By Cheranka Mendis
She might not be a Sri Lankan, but Sachiyo Iwase with her long black hair and slanted eyes knows Sri Lanka like the back of her hand. She has walked for miles in sweltering heat, been woken in the middle of the night by cruel biting mosquitoes, climbed big rocks, walked among ruins and endured through the horn-blaring traffic of Sri Lanka.
Do not be deceived by her naturally straight black hair that falls down her forehead and slanted eyes, she might be Japanese but for her Sri Lanka is her second home.
A writer with a note pad, address book and a pen always in her handbag, Iwase has got the best deal of mixing business with pleasure. A freelance travel writer, Iwase is a Sri Lankan enthusiast and considers her time here a relaxing experience.
She was the winner of the ‘Best Foreign Journalist Promoting Sri Lanka’ at the Tourism Awards 2010 held at the Waters Edge a week ago. Having travelled down to Sri Lanka 21 times since her first ever visit in 2002 on assignment, Iwase has seen the deep blue of the ocean, the greenery of the hills and the old ruins and heritage sites but still, there is so much more that has gone unnoticed, she noted.
“My first visit here was for a piece on Ayurveda. I was so surprised when I learnt about the ayurvedic medicines and practices in Sri Lanka,” Iwase said.
“From what I know Sri Lanka inherited this art of practices many years ago, almost close to 2000 years. You have preserved the best of it all these years and is now using it for all the right reasons.
It was very interesting for me and also exciting.” Her next visit was to report on shopping and hotels and things to do in Colombo. And since then she has been a constant traveller.
“This country is so small but there are so many things happening here. There are beautiful gifts of nature, gems, elephants, and other resources available in abundance.
There are also all kinds of climates in the country- Sri Lanka suits everyone in every mood.” Enthusiastic in her praises on the island home, Iwase expressed that she feels that this is her fate. “It’s in my fate to be here and to enjoy and discover the little treasures of Sri Lanka”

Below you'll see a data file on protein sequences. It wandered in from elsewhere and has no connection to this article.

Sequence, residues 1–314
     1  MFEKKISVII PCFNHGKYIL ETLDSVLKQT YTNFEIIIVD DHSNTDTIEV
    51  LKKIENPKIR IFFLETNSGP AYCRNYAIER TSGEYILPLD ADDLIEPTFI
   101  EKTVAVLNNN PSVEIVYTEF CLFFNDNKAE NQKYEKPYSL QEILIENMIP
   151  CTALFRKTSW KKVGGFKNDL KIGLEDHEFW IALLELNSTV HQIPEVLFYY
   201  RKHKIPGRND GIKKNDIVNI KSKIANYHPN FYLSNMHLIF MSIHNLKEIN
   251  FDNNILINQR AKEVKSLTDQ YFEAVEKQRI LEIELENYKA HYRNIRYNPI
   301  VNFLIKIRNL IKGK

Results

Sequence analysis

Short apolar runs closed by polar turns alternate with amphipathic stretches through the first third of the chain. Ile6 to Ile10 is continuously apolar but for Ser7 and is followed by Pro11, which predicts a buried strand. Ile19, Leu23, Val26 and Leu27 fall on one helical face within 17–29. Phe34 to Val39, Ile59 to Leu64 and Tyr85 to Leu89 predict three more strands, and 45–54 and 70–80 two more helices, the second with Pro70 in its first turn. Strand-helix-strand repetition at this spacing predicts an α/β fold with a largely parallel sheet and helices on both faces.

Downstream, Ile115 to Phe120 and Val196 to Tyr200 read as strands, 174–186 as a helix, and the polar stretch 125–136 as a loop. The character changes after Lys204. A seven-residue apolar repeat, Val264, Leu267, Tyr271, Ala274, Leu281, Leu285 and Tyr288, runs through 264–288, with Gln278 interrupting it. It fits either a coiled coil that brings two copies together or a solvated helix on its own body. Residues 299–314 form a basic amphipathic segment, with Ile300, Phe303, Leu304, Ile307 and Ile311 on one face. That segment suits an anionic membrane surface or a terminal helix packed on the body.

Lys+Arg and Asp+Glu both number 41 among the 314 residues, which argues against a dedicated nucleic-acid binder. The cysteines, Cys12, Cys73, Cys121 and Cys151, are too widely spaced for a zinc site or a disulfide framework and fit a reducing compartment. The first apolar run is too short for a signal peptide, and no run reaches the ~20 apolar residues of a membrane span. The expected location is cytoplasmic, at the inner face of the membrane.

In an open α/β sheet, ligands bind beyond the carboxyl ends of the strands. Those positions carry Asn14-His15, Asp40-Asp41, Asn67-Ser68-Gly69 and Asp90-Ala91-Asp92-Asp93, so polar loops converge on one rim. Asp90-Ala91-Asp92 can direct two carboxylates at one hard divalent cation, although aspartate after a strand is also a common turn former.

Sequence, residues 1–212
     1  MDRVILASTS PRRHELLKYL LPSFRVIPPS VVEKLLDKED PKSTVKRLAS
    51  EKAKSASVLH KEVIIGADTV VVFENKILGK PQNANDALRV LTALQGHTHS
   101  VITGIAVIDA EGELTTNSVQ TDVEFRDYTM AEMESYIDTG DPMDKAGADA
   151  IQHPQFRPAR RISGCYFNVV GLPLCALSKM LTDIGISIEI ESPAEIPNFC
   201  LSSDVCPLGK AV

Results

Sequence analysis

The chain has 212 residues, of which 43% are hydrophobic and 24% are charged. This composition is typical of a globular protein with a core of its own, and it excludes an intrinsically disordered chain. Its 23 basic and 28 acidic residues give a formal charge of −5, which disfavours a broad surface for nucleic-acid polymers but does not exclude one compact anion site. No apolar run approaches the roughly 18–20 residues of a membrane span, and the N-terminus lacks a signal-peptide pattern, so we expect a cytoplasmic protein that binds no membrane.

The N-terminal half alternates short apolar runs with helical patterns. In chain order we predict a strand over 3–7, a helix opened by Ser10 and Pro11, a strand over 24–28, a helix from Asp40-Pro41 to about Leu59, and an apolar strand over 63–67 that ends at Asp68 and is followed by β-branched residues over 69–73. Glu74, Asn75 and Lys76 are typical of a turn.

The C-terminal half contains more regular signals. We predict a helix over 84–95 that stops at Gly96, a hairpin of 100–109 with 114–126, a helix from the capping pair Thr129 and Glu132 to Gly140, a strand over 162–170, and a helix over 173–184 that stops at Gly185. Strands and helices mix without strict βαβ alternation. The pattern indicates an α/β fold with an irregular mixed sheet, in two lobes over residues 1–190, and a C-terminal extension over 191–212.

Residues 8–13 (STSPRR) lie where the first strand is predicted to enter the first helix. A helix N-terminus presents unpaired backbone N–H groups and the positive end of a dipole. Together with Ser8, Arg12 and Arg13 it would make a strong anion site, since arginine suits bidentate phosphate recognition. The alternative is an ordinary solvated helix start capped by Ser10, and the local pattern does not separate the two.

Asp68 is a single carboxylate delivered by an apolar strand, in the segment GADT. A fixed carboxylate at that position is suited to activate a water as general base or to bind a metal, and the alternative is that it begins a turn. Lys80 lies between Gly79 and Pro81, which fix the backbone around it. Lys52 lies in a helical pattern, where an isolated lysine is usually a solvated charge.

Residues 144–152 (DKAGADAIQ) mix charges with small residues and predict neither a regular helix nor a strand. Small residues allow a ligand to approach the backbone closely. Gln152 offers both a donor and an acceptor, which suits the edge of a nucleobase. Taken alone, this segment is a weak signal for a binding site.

Iwase expresses with a laugh, “I wrote two books to tell you I love Sri Lanka.” In her blog, (http://blogs.dion.ne.jp/ayubowan) Iwase writes, “I write but I cannot convey the charm of Sri Lanka.”
Her two books- ‘In Sri Lanka alone- Buddhist Ayurveda mind’ and ‘Green island of Sri Lanka Ayurveda’ goes on to explore two areas that she is very interested in- Buddhism and Ayurveda.
“In Japan we practice the Mahayana Buddhism whereas in Sri Lanka its Theravada. This is what got me interested and looking into the Buddhism practised in Sri Lanka.
I wanted to see the difference and similarities between the two areas. What I did realize is that no matter what people say Buddhism is an integral part of the community and its beliefs and practices.”
Iwase draws the South West Coast as the most visited part of the country by her.
The many ayurvedic hotels there has been a major lure for her. “I love the Sigiriya rock fortress.
It’s impressive and to get there- it’s like you pass on nothingness and then suddenly the rock looms over everything,” she recalled. She does not like King Kasyapa, she said, “I have heard the story and I must say I despise him because of what he did. But it’s a beautiful structure.” Anuradhapura Sri Maha Bodhi is another one of her favourite haunts. She also loves Trincomalee, and Weligama beach stretch and makes faces when saying that Unawatuna is too “yucky” for her taste.
“This is a healing country. Here you find solace- peace in body and mind,” she said. “May it be a walk on the beach, wind blowing or just watching the elephants it is healing.”
She does not hesitate to recommend the island to anyone, “More Japanese people should come here. They need to come here and think about life.”
She also likes the food and comments that Sri Lankans use a lot of vegetables in the dishes which makes it healthy eating. Her favourite however is something that fits “not-very-healthy-eating”’- Godamba roti and seeni sambol.
Going into how she became a writer, Iwase said that she had always wanted to travel and always wanted to write. “When the opportunity came I grabbed it with both hands.” Her first job (in the 1980s) was as an assistant in a magazine on Volkswagen Beatles from there on she went to a restaurant and hotel based magazine as a writer. And now she travels extensively writing.
Here for a whole month, Iwase commented that however beautiful Sri Lanka is there is much more to be done. Relic and other historical areas must be conserved more than what is done now and staff at hotels- even in plush Colombo hotels need to be trained on customer care. Little things can both make a person happy or sad, she said, Sri Lanka should concentrate on doing more of the former.